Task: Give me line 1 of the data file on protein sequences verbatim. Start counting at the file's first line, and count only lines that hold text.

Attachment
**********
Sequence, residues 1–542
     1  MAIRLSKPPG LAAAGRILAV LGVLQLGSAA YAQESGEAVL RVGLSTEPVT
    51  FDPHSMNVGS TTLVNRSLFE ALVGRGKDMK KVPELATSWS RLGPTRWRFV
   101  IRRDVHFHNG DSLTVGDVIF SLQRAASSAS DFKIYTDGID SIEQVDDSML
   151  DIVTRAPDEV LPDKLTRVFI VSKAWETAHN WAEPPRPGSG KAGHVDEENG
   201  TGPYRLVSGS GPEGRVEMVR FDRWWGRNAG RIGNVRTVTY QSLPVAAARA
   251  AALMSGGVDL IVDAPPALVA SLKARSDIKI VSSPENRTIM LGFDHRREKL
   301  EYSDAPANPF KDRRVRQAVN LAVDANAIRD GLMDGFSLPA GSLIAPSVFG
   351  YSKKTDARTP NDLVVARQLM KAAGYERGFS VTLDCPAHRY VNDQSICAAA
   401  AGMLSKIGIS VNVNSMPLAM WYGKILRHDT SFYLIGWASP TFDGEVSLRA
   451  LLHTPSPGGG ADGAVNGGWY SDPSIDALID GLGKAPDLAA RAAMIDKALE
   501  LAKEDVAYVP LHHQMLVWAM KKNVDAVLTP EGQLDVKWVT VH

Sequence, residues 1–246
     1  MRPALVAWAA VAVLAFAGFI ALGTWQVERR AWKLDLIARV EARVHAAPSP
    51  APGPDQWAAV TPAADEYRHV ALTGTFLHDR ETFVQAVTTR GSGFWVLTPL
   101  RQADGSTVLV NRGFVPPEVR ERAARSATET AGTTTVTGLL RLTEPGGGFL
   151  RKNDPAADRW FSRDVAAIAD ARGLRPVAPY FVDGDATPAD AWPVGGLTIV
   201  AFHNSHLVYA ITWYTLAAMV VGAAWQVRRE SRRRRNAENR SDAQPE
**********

Sequence, residues 1–542